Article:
Quote Originally Posted by DwarfPlanet View Post
    This was brought up by someone else but I'm posting it again, per webster's:

    Zoo - a collection of living animals for public display

    My problem is the continous insult to my intelligence of people trying to tell me it's "Not a zoo". Hey if you want to label it as a wild animal park that is nicely themed by Disney okay, but don't tell me it's not a zoo.

    In fairness... while the advertising campaign was definitely "Nahtazu", I believe the message being conveyed was "it's more than just a zoo".

  16. By houseofmouse

    I really love AK. So does my family. I feel like there is plenty to do to fill a whole day if you don't park hop. Just the shows alone make it worth while.
    We are huge animal lovers, so we spend a ton of time in the walking paths and when you used to be able to walk through the Tree of Life, we did that too. I love th parade, we see it at least once while we are there. My kids when younger used to love the Dino Yard and we could spend an hour or more in there alone.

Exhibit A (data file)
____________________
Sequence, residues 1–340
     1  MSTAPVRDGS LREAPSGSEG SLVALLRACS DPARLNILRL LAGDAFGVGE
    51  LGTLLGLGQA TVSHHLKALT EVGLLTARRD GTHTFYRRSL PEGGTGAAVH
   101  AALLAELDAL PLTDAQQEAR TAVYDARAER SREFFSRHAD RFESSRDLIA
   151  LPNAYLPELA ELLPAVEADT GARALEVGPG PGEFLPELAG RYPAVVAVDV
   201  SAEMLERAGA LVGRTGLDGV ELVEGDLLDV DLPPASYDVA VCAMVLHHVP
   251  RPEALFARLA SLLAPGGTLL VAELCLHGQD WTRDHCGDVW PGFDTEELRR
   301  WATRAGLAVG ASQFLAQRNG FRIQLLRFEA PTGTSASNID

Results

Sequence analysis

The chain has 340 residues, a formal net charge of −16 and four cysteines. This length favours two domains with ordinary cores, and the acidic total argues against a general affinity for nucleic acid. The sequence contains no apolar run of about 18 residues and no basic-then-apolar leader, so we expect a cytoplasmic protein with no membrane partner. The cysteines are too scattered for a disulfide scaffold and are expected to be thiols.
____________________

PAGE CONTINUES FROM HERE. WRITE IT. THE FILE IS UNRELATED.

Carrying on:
We have a blast searching for Hidden Mickeys. Rafikis Planet watch is FULL of them! The hands on experiences there are neat too. (ex. the CM's having snakes or lizards out of the little armadillo. THey have great BBQ and great shopping as well!

  17. By davidgra

    Animal Kingdom is certainly our family's least-favorite park. We'll visit at most one day during a 10-day trip, and some trips we don't go there at all. No one in the family is excited by it or feels that there's all that much they MUST do there.

    Our main complaint is the lack of imagination in theming. Three-quarters of the park is "themed" with overgrown plants lining both sides of the walkways. No attempt to create the impression that one is anywhere but a tropical forest. Yes, the Asia and Africa areas are very nicely themed, but the rest of the park is just a claustrophobic mess. The tall plants on both sides of the path also make the park unbearably stifling most of the year. No matter what the temperature is, it feels 10 degrees warmer at Animal Kingdom. Fine in January, not so great in September.